We had our first Pitch Kitchen in February 16. Peter Kang of Team AQUA presented the idea and business model for his project – an online game that is one part education tool and another part charity platform. In the room were representatives from $100k Emerging Markets Track, the Entrepreneurship Center, a communications expert from CSAIL, and yours truly from IDEAS/GC.

Kudos to Peter for his stamina – after presenting his 8-minute pitch he endured nearly a solid hour of intense questioning from panelists – all with the intent of helping Peter and team AQUA sharpen their message around a few key areas:

  • Community connection and impact
  • Transparency and accountability in income and expenditures
  • Representing communities without exploiting ie “gamifying” communities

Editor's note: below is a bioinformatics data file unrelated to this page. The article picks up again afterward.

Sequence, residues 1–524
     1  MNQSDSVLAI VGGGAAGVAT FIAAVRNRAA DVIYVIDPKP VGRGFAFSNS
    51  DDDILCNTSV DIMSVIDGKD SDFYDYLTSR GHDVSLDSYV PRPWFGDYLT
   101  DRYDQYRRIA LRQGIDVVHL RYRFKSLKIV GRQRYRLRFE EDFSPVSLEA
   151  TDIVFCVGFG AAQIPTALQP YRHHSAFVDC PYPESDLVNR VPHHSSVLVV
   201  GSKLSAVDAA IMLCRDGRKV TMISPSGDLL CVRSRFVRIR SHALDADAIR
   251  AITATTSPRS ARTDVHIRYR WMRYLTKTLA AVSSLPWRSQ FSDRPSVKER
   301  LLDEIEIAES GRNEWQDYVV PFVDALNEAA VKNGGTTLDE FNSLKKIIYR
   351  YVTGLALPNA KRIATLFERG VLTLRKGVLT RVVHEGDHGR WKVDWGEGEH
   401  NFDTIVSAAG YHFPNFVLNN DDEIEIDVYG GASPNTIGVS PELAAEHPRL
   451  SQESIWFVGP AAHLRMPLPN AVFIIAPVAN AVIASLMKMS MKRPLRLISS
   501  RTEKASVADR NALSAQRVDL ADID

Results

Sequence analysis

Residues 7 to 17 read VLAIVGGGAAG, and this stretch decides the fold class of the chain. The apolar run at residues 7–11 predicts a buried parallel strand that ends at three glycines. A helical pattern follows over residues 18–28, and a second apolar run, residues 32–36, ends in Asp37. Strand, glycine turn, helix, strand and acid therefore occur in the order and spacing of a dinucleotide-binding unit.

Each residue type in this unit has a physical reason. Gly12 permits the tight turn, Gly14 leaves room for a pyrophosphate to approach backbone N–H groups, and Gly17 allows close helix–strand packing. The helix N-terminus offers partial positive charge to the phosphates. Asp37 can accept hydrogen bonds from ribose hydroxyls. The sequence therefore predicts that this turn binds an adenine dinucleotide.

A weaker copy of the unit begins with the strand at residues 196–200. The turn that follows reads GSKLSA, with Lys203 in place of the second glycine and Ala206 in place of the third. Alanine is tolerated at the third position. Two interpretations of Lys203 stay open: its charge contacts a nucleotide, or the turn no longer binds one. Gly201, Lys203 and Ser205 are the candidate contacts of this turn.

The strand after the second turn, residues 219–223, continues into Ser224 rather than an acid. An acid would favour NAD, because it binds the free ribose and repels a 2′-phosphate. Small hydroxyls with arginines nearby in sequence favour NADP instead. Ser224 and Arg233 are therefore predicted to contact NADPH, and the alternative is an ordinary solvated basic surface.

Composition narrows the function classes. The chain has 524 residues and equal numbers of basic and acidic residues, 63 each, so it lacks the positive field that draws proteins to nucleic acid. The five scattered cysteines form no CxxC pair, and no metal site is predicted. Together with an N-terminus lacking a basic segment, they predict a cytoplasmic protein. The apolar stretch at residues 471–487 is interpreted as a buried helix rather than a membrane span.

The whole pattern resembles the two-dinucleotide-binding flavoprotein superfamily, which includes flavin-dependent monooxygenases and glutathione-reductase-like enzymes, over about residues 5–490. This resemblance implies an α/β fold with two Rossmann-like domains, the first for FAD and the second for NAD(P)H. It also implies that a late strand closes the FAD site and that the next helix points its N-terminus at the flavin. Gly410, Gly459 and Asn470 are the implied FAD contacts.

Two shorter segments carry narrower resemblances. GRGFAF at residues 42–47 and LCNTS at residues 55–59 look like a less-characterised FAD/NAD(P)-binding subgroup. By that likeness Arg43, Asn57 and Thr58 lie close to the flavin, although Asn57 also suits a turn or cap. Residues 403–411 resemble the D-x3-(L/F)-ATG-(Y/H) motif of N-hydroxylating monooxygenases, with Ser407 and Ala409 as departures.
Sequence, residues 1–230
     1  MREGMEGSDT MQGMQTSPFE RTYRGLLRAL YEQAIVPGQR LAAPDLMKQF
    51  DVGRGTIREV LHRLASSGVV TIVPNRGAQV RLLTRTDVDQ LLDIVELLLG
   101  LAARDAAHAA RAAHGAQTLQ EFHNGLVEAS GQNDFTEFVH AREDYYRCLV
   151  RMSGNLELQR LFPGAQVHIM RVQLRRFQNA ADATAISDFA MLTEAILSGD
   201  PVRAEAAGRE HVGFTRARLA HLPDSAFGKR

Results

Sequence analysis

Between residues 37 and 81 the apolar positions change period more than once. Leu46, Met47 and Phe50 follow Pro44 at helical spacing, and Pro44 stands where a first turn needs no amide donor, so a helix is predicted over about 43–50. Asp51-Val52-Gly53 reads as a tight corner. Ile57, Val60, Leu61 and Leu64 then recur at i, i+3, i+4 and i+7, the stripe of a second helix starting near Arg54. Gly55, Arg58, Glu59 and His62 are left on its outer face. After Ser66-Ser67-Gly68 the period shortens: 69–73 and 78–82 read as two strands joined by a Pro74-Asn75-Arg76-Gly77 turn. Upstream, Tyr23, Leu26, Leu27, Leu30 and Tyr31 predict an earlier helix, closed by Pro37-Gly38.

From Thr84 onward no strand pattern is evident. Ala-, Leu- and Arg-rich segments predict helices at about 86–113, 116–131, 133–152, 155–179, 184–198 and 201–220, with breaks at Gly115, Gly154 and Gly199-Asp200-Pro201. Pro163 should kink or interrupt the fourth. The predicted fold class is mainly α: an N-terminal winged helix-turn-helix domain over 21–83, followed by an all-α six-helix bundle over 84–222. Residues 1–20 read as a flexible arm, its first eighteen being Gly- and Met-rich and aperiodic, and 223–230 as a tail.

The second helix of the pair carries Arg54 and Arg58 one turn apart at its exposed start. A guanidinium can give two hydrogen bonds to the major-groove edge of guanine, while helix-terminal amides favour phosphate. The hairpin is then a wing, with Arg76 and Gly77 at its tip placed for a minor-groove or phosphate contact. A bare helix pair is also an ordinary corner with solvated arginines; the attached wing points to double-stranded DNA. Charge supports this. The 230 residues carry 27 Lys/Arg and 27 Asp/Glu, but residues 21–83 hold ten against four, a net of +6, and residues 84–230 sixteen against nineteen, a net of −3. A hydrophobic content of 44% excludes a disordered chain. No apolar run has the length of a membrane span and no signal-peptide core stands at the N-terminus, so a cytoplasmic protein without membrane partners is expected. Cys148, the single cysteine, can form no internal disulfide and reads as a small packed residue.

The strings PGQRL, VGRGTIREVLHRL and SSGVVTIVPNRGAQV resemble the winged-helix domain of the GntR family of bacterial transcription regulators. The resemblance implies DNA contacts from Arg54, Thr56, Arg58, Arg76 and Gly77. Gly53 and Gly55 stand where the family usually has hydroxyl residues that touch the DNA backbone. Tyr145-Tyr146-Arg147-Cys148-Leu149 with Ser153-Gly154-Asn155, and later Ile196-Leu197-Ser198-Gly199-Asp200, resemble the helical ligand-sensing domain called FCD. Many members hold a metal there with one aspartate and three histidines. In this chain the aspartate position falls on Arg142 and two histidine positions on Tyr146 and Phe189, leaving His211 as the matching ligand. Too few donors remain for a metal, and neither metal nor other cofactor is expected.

• Business and sustainability model
  • Translation of online income into on-the-ground impact

Interested in experiencing the crucible? Join us for the next Pitch Kitchen on Wednesday, 3/16 from 5:00-7:00pm in 4-145. Questions? Email lhtorres at mit dot edu.

Farmhack@MIT

Hey there’s a great event coming up at MIT in early March. Its called Farmhack, and the purpose is to bring together New England small-scale farmers and MIT engineers to identify projects for collaboration. There seems to be a consensus that the equipment available is costly, or simply does not respond well to the needs, constraints, and conditions of America’s small acreage farmers. Some of the areas that have come up include seeding technologies, soil monitoring systems, lifestock monitoring systems, irrigation systems. And more! So, if you are a New England farmer or an MIT engineer interested in using small-scale farms as laboratories for innovation, join us! Here are the details.

Farmers -

Do you come away from visits to other farms inspired by a tool or system that you just saw?  Have you invented things on your farm?  Can you describe some challenges on your farm that a team of farmers and engineers might be able to address with a new tool?